On 24 September 2019 the City of Mutare wrote a letter to the applicant’s legal practitioners indicating that the agreement of sale between itself, the applicant and her husband had been cancelled. First respondent alleged in the letter the applicant’s late husband, Mr W. Jekanyika had misrepresented to the city council that he had fully paid the purchase price of the property to the developer, Clayhill and that Clayhill had since cancelled the first agreement of sale. As a result of the “fraud” committed by the purchasers, the first respondent was cancelling the agreement of sale. A lot of correspondences were exchanged between the city council’s legal practitioners and the purchasers’ lawyers but nothing came out of the correspondences until the applicant approached this court. Clayhill (Pvt) Ltd had since issued summons against the purchasers  claiming an amount of US$28 000-00 for arrear payments, it is important to note that there is no  allegation nor prayer by Clayhill for the cancellation of the agreement of sale or a misrepresentation on the part of the applicant and her late husband.

The first respondent, in its opposing papers contends that the applicants’ application should fail for failing to join Clayhill Trading (Private) Limited as a party to the proceedings. As already addressed in the foregoing above, the first respondent went on to state that applicant and her husband breached the terms of their agreement with Clayhill by failing to pay the full purchase price and that led to the cancellation of the agreement of sale by letter of 21 November 2016 written by Clayhill Property Development. Hence the agreement of sale between City of Mutare and the applicant and her husband was a nullity because at the time it was drafted, the city council did not hold any rights, interest or title in the stand, instead such rights were vested with Clayhill, and as such the cancellation of the agreement was above board and before the cancellation of that agreement, applicant’s legal practitioners were fully appraised of the whole scenario of the events. To the respondent the relief being sought by the applicant has no basis.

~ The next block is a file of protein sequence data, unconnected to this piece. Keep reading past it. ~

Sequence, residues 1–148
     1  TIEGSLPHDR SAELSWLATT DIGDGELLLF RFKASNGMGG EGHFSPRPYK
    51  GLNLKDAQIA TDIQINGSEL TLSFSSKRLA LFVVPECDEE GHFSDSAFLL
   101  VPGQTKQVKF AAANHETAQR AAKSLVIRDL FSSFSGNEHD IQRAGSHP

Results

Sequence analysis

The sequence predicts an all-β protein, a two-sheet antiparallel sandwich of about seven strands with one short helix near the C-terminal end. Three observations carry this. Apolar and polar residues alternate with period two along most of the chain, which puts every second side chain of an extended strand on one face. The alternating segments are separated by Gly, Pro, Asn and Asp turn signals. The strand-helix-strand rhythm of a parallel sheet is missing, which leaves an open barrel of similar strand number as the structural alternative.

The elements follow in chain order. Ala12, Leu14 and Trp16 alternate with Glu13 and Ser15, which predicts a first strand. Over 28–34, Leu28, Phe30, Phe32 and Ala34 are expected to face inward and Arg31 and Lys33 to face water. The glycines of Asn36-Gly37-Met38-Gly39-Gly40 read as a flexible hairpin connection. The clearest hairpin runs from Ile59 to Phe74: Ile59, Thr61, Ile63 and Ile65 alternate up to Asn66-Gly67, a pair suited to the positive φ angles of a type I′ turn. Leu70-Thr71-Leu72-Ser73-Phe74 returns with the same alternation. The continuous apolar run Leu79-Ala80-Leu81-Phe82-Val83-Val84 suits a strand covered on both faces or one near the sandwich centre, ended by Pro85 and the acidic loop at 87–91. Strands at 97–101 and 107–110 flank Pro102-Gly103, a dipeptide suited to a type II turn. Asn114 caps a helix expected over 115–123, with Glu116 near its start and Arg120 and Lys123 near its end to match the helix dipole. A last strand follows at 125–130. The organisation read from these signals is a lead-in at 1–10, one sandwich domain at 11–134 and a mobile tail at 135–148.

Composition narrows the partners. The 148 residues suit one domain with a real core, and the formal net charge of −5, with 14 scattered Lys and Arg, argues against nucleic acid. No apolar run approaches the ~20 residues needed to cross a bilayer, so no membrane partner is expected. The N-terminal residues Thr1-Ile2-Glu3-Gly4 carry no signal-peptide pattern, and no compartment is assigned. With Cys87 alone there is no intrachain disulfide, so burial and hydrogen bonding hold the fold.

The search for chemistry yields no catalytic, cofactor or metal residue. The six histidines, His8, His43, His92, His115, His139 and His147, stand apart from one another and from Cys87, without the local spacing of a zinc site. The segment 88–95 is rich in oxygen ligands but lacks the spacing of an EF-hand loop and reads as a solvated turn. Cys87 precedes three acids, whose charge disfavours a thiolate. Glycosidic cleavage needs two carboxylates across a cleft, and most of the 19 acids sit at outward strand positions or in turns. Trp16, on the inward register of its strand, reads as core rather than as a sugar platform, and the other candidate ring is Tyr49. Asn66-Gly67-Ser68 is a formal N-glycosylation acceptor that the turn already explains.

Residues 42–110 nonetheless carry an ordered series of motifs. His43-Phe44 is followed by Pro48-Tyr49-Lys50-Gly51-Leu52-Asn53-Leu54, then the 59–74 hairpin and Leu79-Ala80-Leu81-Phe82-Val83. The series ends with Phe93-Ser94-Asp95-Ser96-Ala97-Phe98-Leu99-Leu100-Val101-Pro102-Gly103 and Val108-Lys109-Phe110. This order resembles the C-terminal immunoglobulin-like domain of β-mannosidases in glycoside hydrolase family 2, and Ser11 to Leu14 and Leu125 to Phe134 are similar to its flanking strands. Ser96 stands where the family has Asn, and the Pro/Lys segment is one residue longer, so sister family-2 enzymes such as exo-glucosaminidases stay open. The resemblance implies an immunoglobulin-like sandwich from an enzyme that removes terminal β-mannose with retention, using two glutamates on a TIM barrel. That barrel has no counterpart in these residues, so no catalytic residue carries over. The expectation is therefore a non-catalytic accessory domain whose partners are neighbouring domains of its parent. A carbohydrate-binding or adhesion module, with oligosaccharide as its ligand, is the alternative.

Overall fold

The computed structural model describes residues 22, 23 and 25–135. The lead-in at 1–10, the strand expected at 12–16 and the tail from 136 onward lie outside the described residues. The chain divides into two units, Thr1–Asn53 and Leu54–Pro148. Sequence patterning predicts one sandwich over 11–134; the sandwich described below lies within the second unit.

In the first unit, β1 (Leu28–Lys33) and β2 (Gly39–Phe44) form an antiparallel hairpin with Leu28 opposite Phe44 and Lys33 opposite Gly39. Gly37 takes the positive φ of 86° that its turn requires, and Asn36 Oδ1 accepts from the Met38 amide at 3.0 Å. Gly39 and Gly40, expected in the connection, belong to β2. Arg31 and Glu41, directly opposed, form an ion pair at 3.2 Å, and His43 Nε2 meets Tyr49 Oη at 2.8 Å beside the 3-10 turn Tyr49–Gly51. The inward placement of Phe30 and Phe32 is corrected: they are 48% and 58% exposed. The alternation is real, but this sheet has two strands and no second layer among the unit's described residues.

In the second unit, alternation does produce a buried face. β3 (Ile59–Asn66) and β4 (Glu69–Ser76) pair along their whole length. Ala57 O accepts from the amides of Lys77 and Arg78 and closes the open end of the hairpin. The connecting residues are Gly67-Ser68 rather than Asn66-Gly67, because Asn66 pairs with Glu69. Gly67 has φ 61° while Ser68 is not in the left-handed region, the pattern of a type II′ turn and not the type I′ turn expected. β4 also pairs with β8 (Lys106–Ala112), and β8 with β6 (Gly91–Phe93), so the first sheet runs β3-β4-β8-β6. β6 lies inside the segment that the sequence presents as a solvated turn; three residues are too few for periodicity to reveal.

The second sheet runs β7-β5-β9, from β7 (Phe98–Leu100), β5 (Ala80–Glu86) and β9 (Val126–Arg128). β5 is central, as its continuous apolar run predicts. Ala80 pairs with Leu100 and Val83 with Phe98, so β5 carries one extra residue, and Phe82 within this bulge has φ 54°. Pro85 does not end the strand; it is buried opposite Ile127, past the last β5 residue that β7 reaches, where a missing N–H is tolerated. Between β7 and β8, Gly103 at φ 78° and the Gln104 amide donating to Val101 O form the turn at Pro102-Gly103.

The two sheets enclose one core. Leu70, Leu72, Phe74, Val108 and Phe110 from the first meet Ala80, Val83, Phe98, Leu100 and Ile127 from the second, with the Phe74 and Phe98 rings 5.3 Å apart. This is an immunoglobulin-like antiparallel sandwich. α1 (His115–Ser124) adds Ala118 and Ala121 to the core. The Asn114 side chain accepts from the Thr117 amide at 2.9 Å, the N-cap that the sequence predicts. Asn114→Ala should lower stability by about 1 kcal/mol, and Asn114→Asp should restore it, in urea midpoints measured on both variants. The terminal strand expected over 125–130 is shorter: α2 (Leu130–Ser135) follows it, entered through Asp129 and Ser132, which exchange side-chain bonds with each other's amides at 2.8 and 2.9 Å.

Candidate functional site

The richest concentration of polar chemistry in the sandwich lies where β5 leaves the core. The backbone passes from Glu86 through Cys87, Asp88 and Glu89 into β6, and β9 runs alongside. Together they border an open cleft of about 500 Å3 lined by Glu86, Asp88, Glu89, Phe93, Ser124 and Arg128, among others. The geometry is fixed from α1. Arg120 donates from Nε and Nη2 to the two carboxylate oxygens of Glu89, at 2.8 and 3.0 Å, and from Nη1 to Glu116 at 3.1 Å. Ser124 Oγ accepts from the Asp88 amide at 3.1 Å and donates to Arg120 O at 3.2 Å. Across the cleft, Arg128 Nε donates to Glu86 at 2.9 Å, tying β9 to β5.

The second respondent is an estate of the late Washington Jekanyika. The executor had notified the registrar of the court that he will abide by the decision of this court.

Both applicant and first respondent had raised preliminary points in their respective papers and I directed the legal practitioners to holistically address the court by commencing with points in limine and then the main issues.


Applicant’s point in limine

The applicants on filing her affidavit raised a preliminary point to the effect that the first respondent’s Town Clerk in filing the opposing affidavit was not authorised by the council. Hence the application should proceed as unopposed. The applicant amplified her argument by submitting that first respondent’s notice of opposition is fatally defective for warrant of a proper opposing affidavit. The Town Clerk, Mr Maligwa, did not attach authority which he alleges to have to depose to the affidavit. Mr Tanaya, to advance his argument, cited s 136 (2) of the Urban Councils Act [Chapter 29:15] which basically provides as follows: